Although data validation has been careful, it can never be excluded that some errors remain undetected. The risk for such errors is greatest in the recent data that stem from synoptical messages, because these data did not undergo the validation process in the participating institutions.

Apart from errors at individual days, changes in observation practices may have introduced inhomogeneities of non-climatic origin in long time series. These inhomogeneities may severely affect the assessment of changes in extremes. For evaluation of the homogeneity of the time series in LACA&D a two step testing procedure was followed (see Project info > ATBD). First, four common homogeneity tests were applied to evaluate the daily series in fixed time periods using the testing variables: (1) the annual mean of the diurnal temperature range DTR ( = maximum temperature - minimum temperature), (2) the annual mean of the absolute day-to-day differences of the diurnal temperature range vDTR and (3) the wet day count RR1 (threshold 1 mm). Second, the test results were condensed for each series into three classes: useful-doubtful-suspect. The four common homogeneity tests are: Standard Normal Homogeneity test, BuisHand Range test, PETtitt test and von NEUmann ratio test.

Note that the above homogeneity analysis is subject to further research, as there is no well established testing procedure for daily data. Also, an open question is how to apply the test results. This is dependent on the particular application. For the indices of extremes analysed in LACA&D we have choosen to present trend results only for the series that are useful or doubtful, but in other cases other choices may be made (see e.g. the publications section). There is a clear need for additional research on techniques for homogenisation of daily data in order to create high quality daily datasets for the assessment of extremes without abandoning entire series or throwing out real extremes. This is of particular importance in areas where the density of stations with long daily data series is already low. [top]

 

Why are values slightly different from the file that I downloaded earlier?

All the files on this website are frequently updated to include the latest available observations. Updating includes not only adding the most recent data, but also the inclusion of any late reports of earlier dates. In addition, the older series may have changed, because of improved data quality control or data archaeology by the data providing institutions. [top]

 

How to obtain daily data that are not available for public download at this website?

The LACA&D website makes available all daily series for which the conditions of use do allow publication. For some stations, we are only allowed to use the daily series for the analysis of extremes within the LACA&D project without releasing them. These stations do appear in the data dictionary and the indices section of the website as well as in the publications, but they are absent from the daily data section. Please direct your inquiries to obtain these data directly to the NMHS of the respective country. [top]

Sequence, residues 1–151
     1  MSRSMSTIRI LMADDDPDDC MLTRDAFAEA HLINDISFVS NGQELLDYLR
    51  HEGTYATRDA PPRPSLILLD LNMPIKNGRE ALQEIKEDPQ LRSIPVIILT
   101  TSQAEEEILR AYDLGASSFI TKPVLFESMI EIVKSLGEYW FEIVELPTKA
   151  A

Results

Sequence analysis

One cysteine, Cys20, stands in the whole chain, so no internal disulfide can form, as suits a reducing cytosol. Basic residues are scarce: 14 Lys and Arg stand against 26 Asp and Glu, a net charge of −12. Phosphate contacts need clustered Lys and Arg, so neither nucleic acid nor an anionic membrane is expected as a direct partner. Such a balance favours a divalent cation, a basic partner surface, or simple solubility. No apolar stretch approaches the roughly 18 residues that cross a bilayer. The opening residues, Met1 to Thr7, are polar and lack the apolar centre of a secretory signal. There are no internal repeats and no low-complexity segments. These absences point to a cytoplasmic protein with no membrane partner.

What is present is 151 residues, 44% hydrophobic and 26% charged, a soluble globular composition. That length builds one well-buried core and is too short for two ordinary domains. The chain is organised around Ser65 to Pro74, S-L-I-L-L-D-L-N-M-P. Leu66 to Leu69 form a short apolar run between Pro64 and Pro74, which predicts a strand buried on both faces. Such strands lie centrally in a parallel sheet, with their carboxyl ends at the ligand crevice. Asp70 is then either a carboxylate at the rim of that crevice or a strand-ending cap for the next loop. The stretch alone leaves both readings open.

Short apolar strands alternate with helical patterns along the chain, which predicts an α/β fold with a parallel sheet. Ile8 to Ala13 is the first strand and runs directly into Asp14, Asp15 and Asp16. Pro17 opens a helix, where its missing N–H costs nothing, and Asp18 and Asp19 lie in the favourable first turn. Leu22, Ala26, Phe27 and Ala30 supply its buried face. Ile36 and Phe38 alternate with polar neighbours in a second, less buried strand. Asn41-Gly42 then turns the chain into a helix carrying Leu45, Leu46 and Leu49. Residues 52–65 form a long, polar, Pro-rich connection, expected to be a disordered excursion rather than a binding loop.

How are the smoothed lines in the indices plots calculated?

The red smoothed line in the plots is calculated using the lowess smoother function with parameters: f=1/5, iter=3, using Fortran open-source code from wsc@research.bell-labs.com, W. S. Cleveland, Bell Laboratories, Murray Hill NJ 07974.

References:
Cleveland, W.S. (1979). Robust locally weighted regression and smoothing scatterplots. J.Amer.Statist.Assoc., 74, 829-836.
Cleveland, W.S. (1981). LOWESS: A program for smoothing scatterplots by robust locally weighted regression. The American Statistician, 35, 54. [top]

 

What procedure is used to calculate the trends?

Trends are calculated by calculating a least-squares optimal linear fit using NAG's E02ADF routine.

References:
Numerical Algorithms Group website: http://www.nag.co.uk/numeric/FL/manual/html/FLlibrarymanual.asp
references in the NAG Fortran Library Routine Document E02ADF [top]

 

Why do some stations not appear on the trend map, although a time series plot is available?

For a trend value to be calculated, that station must hold valid index data for at least 80% of the period for which the trend is calculated. For example, for a trend period 1901-1999 (99 years), at least 80 years must have valid data. Also, the homogeneity test result for the underlying series must be 'useful' or 'doubtful' for this period. If the test result is 'suspect' or less than 80% of the trend period holds valid index data, the trend for that station is not calculated and therefore not plotted on the trend map. A time series plot is produced if any valid index data is available for the station in question, with the only restriction that index values for an individual year are only calculated if no more than 3% of the days are missing. [top]

 

Why do some values differ from the values I obtained from the NMHSs?

LACA makes use of two kind of data sources: data that are issued by the national meteorological offices or other participants (the so called participant data) and data from synoptical messages. The difference between these two kinds of data is that data from the participants is generally validated, whereas synoptical data is not validated. In LACA&D synoptical messages are temporarily used to extend data series, to make the series as actual as possible. But as soon as participant data become available, the synoptical data are replaced.

Non-validated synoptical data can be distinguished from validated participant data by the first figure from the source ID (SOUID) given in each data file: a source starting with 9 represents non-validated synoptical data, whereas a source starting with 1 indicates validated participant data. [top]